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Keith Gordon discusses the Supreme Court’s decision in HMRC’s appeal in the BPP case
What is the issue?
The case has been considered by four levels of judiciary – these four years have not resolved the underlying question about the correct VAT treatment of BPP’s arrangements. Instead, the entire time has been taken up on preliminary procedural matters.
What does it mean to me?
HMRC do not always conduct litigation in a way that comes across as fair to the inexperienced and less well-resourced litigant.
What can I take away?
Whilst it would be inappropriate to run to the Tribunal for a debarring order the minute that HMRC make a mistake, this case should give taxpayers some confidence that the Tribunal has the powers to keep HMRC in line and that the exercise of those powers in a suitable case has now received the highest judicial endorsement.
In the May 2016 issue of Tax Adviser, I wrote about the Court of Appeal’s criticism of HMRC’s handling of an appeal being taken by members of the BPP group of companies.
As most readers will know (many with first-hand experience), BPP provides professional training. In the period under review, it was arranged by BPP for students to be supplied with books by one company and education by another. The apparent purpose of the arrangement was for part of the supply (the books) to qualify as zero-rated as opposed to a single standard-rated supply of education.
This led to a disagreement with HMRC which then proceeded to the First-tier Tribunal. Although BPP’s appeals were notified to the First-tier in May 2013 and, in the meantime, the case has been considered by four levels of judiciary, these four years have not resolved the underlying question about the correct VAT treatment of BPP’s arrangements. Instead, the entire time has been taken up on preliminary procedural matters.
The Tribunal procedural rules
Although the Tribunal portrays itself as a relatively informal way of resolving tax disputes (and, despite the many impressions to the contrary, it is), it is governed by a set of rules (the Tribunal Procedure Rules) which provide a framework within which a case will progress from the initial notification of the dispute to the Tribunal all the way through to the Tribunal’s decision (and, in fact, a little beyond).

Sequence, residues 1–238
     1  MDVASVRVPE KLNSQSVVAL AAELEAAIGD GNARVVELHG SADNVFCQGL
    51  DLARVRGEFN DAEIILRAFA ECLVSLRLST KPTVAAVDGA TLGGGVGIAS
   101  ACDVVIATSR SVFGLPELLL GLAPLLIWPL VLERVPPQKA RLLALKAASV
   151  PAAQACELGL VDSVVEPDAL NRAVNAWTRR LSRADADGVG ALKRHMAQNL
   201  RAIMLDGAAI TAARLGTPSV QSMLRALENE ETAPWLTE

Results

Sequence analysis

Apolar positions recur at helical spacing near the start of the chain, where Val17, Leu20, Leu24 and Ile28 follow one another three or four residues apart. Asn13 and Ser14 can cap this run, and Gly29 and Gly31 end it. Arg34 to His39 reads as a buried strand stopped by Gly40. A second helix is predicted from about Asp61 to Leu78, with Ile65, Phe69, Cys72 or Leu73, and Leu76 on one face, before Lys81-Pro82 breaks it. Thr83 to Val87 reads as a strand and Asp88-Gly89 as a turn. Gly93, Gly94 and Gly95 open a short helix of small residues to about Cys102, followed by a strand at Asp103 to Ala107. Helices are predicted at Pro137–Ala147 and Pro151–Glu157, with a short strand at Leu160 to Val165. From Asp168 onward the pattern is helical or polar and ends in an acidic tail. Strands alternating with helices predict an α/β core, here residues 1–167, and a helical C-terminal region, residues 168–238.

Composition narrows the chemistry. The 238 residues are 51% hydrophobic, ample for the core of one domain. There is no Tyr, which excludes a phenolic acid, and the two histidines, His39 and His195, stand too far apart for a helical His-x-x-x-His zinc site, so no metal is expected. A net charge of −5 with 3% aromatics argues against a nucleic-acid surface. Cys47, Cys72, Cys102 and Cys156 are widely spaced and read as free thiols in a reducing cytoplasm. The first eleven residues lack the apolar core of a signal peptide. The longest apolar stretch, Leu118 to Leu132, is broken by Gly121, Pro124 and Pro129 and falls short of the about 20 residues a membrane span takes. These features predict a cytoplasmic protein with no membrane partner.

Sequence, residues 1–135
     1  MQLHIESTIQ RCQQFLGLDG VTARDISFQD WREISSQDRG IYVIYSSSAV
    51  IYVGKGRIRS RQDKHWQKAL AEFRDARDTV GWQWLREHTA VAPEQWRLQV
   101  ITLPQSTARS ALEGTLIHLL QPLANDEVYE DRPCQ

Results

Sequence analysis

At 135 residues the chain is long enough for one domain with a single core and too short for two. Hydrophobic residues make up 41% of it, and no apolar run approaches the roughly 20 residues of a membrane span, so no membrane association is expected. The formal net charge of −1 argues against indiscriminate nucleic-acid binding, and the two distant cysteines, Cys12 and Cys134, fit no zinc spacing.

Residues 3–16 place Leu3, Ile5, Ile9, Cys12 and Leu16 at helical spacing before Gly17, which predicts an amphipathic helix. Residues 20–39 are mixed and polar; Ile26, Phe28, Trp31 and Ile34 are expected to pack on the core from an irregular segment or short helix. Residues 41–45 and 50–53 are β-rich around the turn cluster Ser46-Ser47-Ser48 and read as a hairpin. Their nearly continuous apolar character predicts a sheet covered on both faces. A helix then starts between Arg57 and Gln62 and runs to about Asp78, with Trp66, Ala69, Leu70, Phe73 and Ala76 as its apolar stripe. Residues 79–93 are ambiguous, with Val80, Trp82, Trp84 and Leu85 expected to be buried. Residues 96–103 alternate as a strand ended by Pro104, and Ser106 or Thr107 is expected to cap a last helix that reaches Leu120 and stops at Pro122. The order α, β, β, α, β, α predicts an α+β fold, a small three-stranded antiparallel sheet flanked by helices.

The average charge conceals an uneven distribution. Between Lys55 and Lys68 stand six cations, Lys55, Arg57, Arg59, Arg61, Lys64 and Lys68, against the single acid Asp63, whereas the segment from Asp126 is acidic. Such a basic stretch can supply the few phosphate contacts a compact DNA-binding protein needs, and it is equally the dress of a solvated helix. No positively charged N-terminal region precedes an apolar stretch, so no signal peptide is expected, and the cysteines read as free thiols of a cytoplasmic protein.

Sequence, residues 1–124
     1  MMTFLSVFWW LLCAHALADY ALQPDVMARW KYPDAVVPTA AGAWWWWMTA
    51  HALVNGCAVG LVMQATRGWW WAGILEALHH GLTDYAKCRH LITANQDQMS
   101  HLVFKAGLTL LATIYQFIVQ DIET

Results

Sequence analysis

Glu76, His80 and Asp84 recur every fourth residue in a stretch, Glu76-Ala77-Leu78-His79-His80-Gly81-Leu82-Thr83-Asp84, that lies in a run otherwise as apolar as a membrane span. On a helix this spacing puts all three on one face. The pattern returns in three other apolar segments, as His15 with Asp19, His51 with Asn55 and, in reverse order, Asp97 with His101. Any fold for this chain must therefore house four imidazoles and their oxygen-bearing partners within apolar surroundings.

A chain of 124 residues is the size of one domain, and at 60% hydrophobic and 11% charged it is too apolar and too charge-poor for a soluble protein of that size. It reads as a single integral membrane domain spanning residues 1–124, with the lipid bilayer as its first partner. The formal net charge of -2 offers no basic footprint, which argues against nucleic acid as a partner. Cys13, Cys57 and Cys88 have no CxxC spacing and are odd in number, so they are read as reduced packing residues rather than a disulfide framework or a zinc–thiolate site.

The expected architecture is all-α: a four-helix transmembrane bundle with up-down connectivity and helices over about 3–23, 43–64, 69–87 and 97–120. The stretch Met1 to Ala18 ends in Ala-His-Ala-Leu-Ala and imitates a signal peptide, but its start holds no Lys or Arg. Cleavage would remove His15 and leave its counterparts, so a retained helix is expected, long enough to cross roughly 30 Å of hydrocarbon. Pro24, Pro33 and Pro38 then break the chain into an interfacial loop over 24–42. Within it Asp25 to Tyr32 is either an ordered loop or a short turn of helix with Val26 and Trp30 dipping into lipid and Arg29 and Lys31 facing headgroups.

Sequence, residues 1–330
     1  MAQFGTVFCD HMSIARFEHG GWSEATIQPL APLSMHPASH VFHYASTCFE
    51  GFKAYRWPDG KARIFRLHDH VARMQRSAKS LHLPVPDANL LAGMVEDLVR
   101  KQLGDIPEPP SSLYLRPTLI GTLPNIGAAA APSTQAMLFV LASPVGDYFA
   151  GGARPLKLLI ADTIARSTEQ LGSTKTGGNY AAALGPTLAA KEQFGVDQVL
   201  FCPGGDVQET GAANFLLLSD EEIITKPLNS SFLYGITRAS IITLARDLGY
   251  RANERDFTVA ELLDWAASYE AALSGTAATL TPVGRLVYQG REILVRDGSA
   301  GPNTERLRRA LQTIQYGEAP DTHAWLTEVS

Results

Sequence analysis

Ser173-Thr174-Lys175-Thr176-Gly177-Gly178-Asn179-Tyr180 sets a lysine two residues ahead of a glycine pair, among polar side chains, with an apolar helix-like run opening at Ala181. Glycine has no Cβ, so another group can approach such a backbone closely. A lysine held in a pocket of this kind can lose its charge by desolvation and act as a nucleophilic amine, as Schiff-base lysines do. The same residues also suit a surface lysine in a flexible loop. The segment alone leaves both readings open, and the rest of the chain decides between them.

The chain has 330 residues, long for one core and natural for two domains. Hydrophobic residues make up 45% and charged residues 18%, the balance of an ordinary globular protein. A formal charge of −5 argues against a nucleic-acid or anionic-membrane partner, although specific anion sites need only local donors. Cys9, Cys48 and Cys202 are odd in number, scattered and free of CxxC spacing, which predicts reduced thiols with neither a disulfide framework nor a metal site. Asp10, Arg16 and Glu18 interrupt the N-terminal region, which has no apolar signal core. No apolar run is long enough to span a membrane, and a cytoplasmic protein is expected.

The rules are drafted in a relatively broad fashion so as to recognise the diverse caseload of the Tribunal – ranging from £100 penalties cases to those concerning multi-million carousel frauds. However, whatever the nature of the case, the Tribunal is obliged to act in accordance with what is known as the Overriding Objective which is ‘to deal with cases fairly and justly’ (Tribunal Procedure (First-tier Tribunal) (Tax Chamber) Rules 2009 SI 2009/273 rule 2(1), (3)). Under rule 2(4), the parties are obliged to help the Tribunal to further this overriding objective. Avoiding delay is one aspect of dealing with a case fairly and justly (rule 2(2)(e)).
Although, as a matter of law, it is usually the case that the taxpayer has the burden of proof in an appeal, this does not mean that the taxpayer will have to do all the running before the final hearing. Indeed, appeals – by their very nature – are challenges undertaken by taxpayers against decisions made by HMRC. Consequently, the rules provide that, at an early stage in proceedings, HMRC are meant to set out a statement of case – explaining the factual and legal basis for the decision under appeal. It is that statement of case which will govern the future handling of the case.
Where a party’s conduct in the course of the litigation has fallen below the expected standards, the Tribunal rules provide for a number of remedies. Ordinarily, missed (or about-to-be-missed) deadlines can be overcome by an extension being granted (prospectively or retrospectively); where further information is required from one of the parties, the Tribunal can direct that this be provided within a specified period. Furthermore, if a party’s conduct is deemed unreasonable then the Tribunal can make a costs award to the other side. The Tribunal’s ultimate sanction, however, is to strike out a party’s case (or, in the case of HMRC, the potentially lesser sanction of debarring HMRC from future participation in the appeal).